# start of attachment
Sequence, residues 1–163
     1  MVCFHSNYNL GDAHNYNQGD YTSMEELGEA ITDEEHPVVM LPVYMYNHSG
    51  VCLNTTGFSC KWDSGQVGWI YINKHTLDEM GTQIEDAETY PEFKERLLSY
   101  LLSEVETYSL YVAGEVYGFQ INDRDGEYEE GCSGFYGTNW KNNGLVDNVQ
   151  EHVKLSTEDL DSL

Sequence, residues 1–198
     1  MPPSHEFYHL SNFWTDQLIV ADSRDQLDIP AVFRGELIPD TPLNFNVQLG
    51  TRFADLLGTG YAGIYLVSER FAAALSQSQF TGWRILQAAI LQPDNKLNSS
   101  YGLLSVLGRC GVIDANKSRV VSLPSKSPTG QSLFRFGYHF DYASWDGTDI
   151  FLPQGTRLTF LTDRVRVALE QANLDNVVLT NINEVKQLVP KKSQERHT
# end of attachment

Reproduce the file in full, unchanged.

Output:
Sequence, residues 1–163
     1  MVCFHSNYNL GDAHNYNQGD YTSMEELGEA ITDEEHPVVM LPVYMYNHSG
    51  VCLNTTGFSC KWDSGQVGWI YINKHTLDEM GTQIEDAETY PEFKERLLSY
   101  LLSEVETYSL YVAGEVYGFQ INDRDGEYEE GCSGFYGTNW KNNGLVDNVQ
   151  EHVKLSTEDL DSL

Sequence, residues 1–198
     1  MPPSHEFYHL SNFWTDQLIV ADSRDQLDIP AVFRGELIPD TPLNFNVQLG
    51  TRFADLLGTG YAGIYLVSER FAAALSQSQF TGWRILQAAI LQPDNKLNSS
   101  YGLLSVLGRC GVIDANKSRV VSLPSKSPTG QSLFRFGYHF DYASWDGTDI
   151  FLPQGTRLTF LTDRVRVALE QANLDNVVLT NINEVKQLVP KKSQERHT